Skip to content

Blogging about science can provide useful writing skills

January 6, 2009

After nearly a year of thorough review from my peers and a couple rounds of revision, a paper about some work I did for my Ph.D. is formally accepted:

I am pleased to accept your paper [blah blah blah] for publication in [blah blah blah]. Thank you for responding in detail to the comments of the reviewers and the Associate Editor. Your paper now requires no additional revision.

It will still be a couple months (at least) until it is actually out. At that point, I’ll blog about the actual study in more detail.

At this stage it goes to typesetting and they decide if my figures will be look good as is, and so on and so forth. While they do that, an item that is on my to-do list from the editors is:

Paragraph for media release: Please send a brief paragraph describing your article in nontechnical terms to include in our monthly media release.

Having attempted to communicate science through writing on this blog for the past couple of years, I am actually looking forward to writing this paragraph. Distilling technical work down to its essence (without using jargon) is challenging. I think the writing I’ve done here on Clastic Detritus has led to some personal improvement in this regard. Note: I’m not saying I’m good at it necessarily … just that I’m likely better than I would’ve been had I never started this blog.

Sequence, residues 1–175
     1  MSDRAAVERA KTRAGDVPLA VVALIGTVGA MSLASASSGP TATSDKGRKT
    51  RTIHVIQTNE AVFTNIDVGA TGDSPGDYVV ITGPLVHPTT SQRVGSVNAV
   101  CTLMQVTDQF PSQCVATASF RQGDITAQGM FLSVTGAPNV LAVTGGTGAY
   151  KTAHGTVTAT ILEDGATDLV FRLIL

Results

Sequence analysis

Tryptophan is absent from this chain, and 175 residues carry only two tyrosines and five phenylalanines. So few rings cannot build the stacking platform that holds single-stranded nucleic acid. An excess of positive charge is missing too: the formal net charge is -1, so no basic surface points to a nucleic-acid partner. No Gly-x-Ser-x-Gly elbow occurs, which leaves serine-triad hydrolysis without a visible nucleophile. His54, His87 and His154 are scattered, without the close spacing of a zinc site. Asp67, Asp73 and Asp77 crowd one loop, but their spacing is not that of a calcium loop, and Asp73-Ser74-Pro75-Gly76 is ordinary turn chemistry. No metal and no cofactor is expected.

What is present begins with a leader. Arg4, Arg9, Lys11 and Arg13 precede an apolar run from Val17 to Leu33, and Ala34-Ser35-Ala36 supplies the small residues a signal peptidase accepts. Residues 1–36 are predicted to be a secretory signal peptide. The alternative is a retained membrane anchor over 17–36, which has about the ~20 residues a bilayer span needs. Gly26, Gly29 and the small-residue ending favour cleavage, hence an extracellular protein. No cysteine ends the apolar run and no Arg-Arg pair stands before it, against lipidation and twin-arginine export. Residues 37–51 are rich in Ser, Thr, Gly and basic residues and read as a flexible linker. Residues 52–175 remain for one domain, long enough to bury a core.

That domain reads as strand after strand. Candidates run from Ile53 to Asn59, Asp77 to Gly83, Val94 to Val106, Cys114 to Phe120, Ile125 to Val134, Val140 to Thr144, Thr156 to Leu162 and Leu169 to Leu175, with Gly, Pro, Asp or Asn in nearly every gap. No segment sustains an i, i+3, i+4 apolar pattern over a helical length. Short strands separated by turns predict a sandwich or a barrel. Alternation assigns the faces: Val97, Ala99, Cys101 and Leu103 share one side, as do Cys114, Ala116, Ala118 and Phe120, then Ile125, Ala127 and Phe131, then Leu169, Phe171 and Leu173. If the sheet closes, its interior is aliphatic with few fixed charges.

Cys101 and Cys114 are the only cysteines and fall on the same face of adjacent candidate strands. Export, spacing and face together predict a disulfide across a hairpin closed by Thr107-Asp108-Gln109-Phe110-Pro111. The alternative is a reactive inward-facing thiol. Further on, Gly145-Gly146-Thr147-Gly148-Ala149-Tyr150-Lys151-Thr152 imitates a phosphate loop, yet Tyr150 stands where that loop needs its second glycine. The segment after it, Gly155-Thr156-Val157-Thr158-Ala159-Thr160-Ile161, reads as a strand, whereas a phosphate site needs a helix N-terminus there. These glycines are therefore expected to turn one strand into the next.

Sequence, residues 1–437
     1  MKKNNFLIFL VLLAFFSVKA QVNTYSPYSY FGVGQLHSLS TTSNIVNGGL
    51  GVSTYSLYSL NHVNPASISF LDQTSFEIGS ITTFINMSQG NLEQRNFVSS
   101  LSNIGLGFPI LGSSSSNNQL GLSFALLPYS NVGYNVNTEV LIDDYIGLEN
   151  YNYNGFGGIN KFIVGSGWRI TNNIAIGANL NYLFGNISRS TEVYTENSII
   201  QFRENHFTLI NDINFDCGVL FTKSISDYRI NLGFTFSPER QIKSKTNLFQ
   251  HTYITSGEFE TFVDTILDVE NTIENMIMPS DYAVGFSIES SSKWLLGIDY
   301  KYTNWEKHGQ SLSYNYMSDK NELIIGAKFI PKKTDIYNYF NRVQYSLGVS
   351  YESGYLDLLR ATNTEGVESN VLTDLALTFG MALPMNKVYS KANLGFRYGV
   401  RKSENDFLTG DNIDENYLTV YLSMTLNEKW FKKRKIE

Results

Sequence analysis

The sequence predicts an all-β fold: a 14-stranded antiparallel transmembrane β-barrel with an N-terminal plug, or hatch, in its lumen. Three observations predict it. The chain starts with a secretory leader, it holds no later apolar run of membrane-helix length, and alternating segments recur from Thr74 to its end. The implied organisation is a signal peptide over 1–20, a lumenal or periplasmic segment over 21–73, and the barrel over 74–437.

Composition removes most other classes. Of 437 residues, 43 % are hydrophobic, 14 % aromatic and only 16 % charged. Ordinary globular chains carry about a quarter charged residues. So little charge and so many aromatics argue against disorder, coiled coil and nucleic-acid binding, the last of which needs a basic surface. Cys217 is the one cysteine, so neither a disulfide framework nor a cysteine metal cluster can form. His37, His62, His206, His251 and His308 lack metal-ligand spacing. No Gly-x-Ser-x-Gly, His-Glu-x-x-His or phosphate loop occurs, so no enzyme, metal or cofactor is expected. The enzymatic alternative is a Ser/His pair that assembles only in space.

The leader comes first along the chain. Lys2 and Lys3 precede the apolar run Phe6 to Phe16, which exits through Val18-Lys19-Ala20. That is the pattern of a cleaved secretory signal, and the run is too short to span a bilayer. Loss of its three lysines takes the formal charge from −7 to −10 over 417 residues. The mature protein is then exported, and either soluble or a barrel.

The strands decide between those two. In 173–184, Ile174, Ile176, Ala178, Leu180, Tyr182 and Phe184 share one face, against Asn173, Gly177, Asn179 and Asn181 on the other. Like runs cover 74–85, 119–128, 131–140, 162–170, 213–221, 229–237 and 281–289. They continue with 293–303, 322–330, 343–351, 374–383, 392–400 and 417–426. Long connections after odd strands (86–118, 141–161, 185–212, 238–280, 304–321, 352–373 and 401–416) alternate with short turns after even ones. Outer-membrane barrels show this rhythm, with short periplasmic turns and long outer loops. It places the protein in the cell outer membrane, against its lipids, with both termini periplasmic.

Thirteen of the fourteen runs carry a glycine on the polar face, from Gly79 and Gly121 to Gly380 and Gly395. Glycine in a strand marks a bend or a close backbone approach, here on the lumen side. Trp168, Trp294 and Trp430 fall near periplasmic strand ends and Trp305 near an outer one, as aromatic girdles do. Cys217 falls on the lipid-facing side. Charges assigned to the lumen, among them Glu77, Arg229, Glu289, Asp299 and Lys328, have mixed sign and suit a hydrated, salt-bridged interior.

So, what’s my point? For those researchers out there who might like (or need) some practice doing this kind of writing in preparation for future endeavors, practicing on a blog could be valuable.


3 Comments leave one →
  1. January 6, 2009 2:07 pm

    Your paper now requires no additional revision.

    Woo-hoo!! That’s one of the most satisfying lines to get in a letter, I think.

  2. Erik permalink
    January 6, 2009 2:32 pm

    I used to tell incoming PhDs that the first thing they should do after they choose their thesis topic is too come up with a one or two sentence description of their research that can be understood by someone with no background in whichever field they are in. It saves a lot of rambling and arm-waving the first few times you have to explain it to someone.

  3. January 6, 2009 5:55 pm

    Kim … that statement is indeed sweet music to my ears.

    Erik … that’s a great idea.

Leave a Reply

Fill in your details below or click an icon to log in: Logo

You are commenting using your account. Log Out /  Change )

Facebook photo

You are commenting using your Facebook account. Log Out /  Change )

Connecting to %s

%d bloggers like this: